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Thread: crossing over line

  1. #1
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    Wink crossing over line

    Let $\displaystyle l$ be a line through $\displaystyle (x_0,y_0)$ cutting the line $\displaystyle k: y=mx+c$ and forming an angle $\displaystyle \alpha$. Prove that the equation of the line $\displaystyle l$ is
    $\displaystyle y-y_0=\frac{m-\tan\alpha}{1+m\tan\alpha}(x-x_0)$ or
    $\displaystyle y-y_0=\frac{\tan\alpha-m}{1+m\tan\alpha}(x-x_0)$
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  2. #2
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    Hello GTK X Hunter
    Quote Originally Posted by GTK X Hunter View Post
    Let $\displaystyle l$ be a line through $\displaystyle (x_0,y_0)$ cutting the line $\displaystyle k: y=mx+c$ and forming an angle $\displaystyle \alpha$. Prove that the equation of the line $\displaystyle l$ is
    $\displaystyle y-y_0=\frac{m-\tan\alpha}{1+m\tan\alpha}(x-x_0)$ or
    $\displaystyle y-y_0=\frac{\tan\alpha-m}{1+m\tan\alpha}(x-x_0)$
    I think you have an error in the second of these two equations. Here is what I believe to be the correct result.

    The equation of the line with gradient $\displaystyle m_1$ passing through the point $\displaystyle (x_0,y_0)$ is
    $\displaystyle y-y_0=m_1(x-x_0)$
    This makes an angle $\displaystyle \theta$, say, with the direction of the $\displaystyle x$-axis, where $\displaystyle \tan\theta = m_1$.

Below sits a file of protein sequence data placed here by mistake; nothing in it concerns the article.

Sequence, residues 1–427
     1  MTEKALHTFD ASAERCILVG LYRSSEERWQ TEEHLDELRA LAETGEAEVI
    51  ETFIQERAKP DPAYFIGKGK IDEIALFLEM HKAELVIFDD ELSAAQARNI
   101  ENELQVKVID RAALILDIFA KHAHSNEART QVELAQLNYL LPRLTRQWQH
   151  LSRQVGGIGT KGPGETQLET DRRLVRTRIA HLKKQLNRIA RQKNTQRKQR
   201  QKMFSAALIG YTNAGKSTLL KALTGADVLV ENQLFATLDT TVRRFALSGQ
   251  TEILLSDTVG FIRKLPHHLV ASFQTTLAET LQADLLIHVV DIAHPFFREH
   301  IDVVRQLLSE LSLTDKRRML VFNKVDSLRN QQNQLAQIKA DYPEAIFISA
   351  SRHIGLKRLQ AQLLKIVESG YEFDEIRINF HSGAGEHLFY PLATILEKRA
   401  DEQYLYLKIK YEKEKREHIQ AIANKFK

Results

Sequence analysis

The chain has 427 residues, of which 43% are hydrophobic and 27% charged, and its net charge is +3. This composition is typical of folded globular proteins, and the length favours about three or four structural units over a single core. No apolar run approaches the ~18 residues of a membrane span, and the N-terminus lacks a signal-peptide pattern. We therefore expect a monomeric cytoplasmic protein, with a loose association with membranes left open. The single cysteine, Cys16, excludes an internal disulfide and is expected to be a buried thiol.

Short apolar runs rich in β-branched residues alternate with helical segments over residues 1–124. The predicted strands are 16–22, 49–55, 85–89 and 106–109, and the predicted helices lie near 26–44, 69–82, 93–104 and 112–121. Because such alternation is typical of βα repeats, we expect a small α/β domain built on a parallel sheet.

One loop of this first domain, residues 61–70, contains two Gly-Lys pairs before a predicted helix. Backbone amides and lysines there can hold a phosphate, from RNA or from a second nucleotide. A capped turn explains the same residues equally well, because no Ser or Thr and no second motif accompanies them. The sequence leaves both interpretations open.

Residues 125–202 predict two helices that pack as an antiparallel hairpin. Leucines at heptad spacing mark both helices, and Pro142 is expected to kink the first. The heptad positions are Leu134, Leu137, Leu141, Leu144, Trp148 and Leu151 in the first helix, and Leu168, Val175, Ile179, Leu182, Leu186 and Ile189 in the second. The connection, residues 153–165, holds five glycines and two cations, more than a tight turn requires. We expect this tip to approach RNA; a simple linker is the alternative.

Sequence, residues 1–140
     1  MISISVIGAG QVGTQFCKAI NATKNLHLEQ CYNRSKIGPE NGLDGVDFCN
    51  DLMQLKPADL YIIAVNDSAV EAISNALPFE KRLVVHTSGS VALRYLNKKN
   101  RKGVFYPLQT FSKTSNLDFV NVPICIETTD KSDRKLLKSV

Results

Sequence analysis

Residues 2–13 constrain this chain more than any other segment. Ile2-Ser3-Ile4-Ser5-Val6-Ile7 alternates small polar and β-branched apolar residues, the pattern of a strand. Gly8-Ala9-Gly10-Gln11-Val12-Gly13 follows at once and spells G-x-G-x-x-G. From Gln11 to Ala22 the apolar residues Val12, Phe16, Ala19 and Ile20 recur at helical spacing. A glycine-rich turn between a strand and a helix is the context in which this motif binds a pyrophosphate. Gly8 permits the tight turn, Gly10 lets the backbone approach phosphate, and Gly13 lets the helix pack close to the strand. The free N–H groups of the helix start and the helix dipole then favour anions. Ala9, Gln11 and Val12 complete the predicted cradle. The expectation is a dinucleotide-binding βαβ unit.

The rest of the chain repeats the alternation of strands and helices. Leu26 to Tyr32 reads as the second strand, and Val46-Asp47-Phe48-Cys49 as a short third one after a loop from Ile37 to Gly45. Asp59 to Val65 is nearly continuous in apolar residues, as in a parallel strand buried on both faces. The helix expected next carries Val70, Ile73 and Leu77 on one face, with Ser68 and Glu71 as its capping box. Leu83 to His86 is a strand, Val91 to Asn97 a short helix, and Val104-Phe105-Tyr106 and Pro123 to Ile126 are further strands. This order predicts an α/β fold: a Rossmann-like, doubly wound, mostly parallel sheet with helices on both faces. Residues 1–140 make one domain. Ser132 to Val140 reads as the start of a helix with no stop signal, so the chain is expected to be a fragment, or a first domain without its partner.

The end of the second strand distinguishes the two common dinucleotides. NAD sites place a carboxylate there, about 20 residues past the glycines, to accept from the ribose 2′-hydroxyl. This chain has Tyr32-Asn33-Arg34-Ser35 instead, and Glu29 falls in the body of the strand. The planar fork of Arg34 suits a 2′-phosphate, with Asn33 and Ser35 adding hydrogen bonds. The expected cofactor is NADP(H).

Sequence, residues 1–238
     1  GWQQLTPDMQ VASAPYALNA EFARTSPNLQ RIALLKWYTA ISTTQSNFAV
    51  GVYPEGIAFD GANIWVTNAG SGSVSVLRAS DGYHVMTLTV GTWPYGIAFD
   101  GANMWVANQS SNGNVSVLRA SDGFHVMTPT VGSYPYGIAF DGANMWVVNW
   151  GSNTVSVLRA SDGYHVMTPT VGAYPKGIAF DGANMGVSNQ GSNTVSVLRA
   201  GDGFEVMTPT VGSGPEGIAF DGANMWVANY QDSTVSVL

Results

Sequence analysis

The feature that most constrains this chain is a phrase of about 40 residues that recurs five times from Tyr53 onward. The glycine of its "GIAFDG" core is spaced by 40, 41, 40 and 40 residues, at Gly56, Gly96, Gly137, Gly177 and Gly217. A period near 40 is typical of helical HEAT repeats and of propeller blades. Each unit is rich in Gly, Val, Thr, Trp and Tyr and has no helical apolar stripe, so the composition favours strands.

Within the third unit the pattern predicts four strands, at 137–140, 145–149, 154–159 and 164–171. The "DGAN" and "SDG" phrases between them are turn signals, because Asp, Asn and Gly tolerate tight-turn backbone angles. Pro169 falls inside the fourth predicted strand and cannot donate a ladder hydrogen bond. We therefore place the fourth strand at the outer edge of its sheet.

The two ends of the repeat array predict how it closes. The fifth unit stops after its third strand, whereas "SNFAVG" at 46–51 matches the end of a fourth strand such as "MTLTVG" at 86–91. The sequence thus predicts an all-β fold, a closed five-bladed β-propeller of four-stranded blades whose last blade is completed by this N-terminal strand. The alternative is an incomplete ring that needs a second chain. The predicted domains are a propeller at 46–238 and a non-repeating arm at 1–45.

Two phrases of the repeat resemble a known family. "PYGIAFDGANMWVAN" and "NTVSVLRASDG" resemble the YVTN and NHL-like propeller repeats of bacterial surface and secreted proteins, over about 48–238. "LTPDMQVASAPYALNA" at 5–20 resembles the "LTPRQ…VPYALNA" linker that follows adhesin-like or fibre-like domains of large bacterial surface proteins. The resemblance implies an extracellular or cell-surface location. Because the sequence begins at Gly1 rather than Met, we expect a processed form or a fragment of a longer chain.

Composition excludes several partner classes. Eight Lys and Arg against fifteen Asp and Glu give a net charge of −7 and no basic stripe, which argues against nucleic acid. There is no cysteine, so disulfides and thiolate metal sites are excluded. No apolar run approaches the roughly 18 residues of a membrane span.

The line $\displaystyle y = mx + c$ makes an angle $\displaystyle \phi$, say, with the $\displaystyle x$-axis, where $\displaystyle \tan\phi = m$.

    Then, depending on which side of the line $\displaystyle y = mx + c$ the angle $\displaystyle \alpha$ is made:
    $\displaystyle \theta= \phi\pm\alpha$ (See the attached diagram. The lines shown are not necessarily the actual lines, but simply parallel to them through a single point.)

    $\displaystyle \Rightarrow m_1=\tan\theta = \tan(\phi\pm\alpha)= \frac{\tan\phi \pm\tan\alpha}{1\mp\tan\phi\tan\alpha}$

    $\displaystyle =\frac{m\pm\tan\alpha}{1\mp m\tan\alpha}$
    So the two gradients are $\displaystyle \frac{m+\tan\alpha}{1-\tan\alpha}$ and $\displaystyle \frac{m-\tan\alpha}{1+\tan\alpha}$.

    The error in the question can be easily verified, because the gradient of one of the the given lines is $\displaystyle (-1) \times$ the gradient of the other. Therefore they make equal angles above and below the $\displaystyle x$-axis. They should, of course, make equal angles above and below the line $\displaystyle y = mx + c$.

    Grandad
    Attached Thumbnails Attached Thumbnails crossing over line-untitled.jpg  
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  3. #3
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    Thankyou so much grandad
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